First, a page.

Larry W. Lawhorne, M.D., retired from Wright State University Boonshoft School of Medicine after 13 years of service to the institution. He was a professor and founding chair of the Department of Geriatrics, and a staff physician with Wright State Physicians. A reception was held in his honor.
Dr. Lawhorne came to Wright State University Boonshoft School of Medicine in 2006 to establish the Department of Geriatrics. At that time, there were very few independent departments in the country. With dedication and hard work put forth by then Wright State University Boonshoft School of Medicine dean, Howard Part, M.D., and gifts from Premier Health and the Boonshoft family, Wright State was able to establish the Department of Geriatrics.
“One of the reasons I chose to accept the opportunity here at Wright State was the welcoming nature of the institution and the School of Medicine leadership,” Lawhorne said. “Drs. Howard Part, Margaret Dunn and Al Painter were instrumental in getting the department off to a good start.”
In the early years, the support of department chairs, including Drs. Mark Classen, Arthur Pickoff, Gerald Kay and Glenn Hamilton, was especially helpful. Dr. Lawhorne credits Dr. Steven Swedlund for getting the fellowship program up and running and added that, “he has mentored our fellows in his quiet competent way ever since.”
Since establishing the Department of Geriatrics, Dr. Lawhorne has focused on building capacity, in both clinical and educational areas. The department is now engaged in research activities, including the role of wearable sensors to help vulnerable adults remain in their homes longer and safer and the effectiveness of a person-centered medical home for people with dementia and their families.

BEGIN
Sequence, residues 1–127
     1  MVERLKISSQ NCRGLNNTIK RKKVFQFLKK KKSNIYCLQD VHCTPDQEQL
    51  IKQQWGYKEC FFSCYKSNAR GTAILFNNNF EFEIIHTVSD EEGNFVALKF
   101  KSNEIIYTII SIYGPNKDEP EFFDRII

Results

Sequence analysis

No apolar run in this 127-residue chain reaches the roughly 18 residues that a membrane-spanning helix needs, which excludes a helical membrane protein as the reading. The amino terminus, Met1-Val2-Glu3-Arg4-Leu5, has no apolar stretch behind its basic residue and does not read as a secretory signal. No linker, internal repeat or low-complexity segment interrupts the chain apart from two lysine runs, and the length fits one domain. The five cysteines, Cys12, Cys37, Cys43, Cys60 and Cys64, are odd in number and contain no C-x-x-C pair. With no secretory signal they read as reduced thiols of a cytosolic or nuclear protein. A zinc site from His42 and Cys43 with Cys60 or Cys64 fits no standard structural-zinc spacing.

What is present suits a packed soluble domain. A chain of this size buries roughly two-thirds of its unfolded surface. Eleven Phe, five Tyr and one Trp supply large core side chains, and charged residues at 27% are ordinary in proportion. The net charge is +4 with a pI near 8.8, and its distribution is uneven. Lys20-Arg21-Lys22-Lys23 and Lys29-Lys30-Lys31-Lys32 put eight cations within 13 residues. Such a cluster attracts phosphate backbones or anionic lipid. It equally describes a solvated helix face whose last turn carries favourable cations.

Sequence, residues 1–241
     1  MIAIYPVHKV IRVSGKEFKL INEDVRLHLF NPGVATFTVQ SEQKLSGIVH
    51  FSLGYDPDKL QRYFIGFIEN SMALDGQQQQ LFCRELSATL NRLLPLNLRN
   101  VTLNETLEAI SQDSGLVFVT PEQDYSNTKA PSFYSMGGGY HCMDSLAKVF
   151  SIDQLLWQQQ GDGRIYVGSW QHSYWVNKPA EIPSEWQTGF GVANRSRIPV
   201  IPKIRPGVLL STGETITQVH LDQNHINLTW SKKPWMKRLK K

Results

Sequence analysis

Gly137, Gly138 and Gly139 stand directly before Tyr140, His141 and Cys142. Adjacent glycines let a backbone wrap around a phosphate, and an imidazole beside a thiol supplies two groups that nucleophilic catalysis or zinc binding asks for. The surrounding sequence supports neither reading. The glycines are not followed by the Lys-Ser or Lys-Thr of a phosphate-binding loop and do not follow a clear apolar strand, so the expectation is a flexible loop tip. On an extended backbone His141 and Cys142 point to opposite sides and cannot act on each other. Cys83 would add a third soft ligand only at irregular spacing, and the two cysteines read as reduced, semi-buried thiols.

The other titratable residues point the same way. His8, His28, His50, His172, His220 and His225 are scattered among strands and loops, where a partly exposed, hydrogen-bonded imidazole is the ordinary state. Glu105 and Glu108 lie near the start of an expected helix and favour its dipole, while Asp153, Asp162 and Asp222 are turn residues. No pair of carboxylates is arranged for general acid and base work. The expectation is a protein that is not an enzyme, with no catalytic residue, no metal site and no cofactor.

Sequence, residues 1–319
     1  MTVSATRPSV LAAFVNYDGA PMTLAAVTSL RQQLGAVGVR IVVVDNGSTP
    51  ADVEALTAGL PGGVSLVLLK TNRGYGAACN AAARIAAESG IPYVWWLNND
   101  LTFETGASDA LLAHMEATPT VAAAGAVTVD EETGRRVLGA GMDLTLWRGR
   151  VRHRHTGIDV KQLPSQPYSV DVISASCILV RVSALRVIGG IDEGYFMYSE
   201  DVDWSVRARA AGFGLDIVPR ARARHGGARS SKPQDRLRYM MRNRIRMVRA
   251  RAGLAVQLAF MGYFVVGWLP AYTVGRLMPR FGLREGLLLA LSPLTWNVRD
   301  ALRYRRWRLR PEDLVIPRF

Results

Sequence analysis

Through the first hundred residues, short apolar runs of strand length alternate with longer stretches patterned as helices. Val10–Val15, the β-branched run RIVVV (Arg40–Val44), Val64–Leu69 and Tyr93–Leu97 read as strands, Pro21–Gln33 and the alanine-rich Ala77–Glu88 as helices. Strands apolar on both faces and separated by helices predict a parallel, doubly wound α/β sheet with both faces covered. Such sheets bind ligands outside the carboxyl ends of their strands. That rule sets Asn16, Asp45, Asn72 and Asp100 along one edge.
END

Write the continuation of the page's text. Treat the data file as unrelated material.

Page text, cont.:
Dr. Lawhorne has been widely published throughout his career. Recent scholarly work includes outcomes of a person-centered home for people with dementia, an exploratory analysis of potential new biomarkers in cognitive function, and sleep quality prediction in caregivers using physiological signals. The last work was done in collaboration with Dr. Tanvi Banerjee in the Department of Computer Science and Engineering and Dr. Jennifer Hughes in the Department of Social Work.
Of his many accomplishments while at Wright State, Dr. Lawhorne specifically noted, “The department’s teaching sessions and precepting work with students, residents and fellows. These activities have enabled us to incorporate the principles of geriatric medicine into the training programs in the medical school. Our students, residents, and fellows will soon be caring for the ever-growing population of older adults in Ohio and across the country. With the support of our capable and caring clinical staff, the care we have provided to older adults through Wright State Physicians has allowed us to touch many lives.”
Dr. Lawhorne is also proud of the work the Department of Geriatrics has done in the area of community-based dementia care. Research on the effectiveness of a person-centered home for people with dementia led to the development of a weekly cognitive assessment clinic at Wright State Physicians.
After graduation from the University of Virginia School of Medicine, he went on to the University of Iowa, where he completed his residency in family practice. Following residency, Dr. Lawhorne spent the next 30 years in patient care at several hospitals, mental facilities, rehabilitation centers and clinics. During this time, he began to focus on neuropsychiatric conditions, including dementia and Parkinson’s disease, as well as patients with spinal cord and traumatic brain injuries. He participated in several local, state, and national professional organizations, both as a member and in leadership roles. He served as president of the American Medical Directors Association in 1997-98 and led its research network from 2000 to 2006.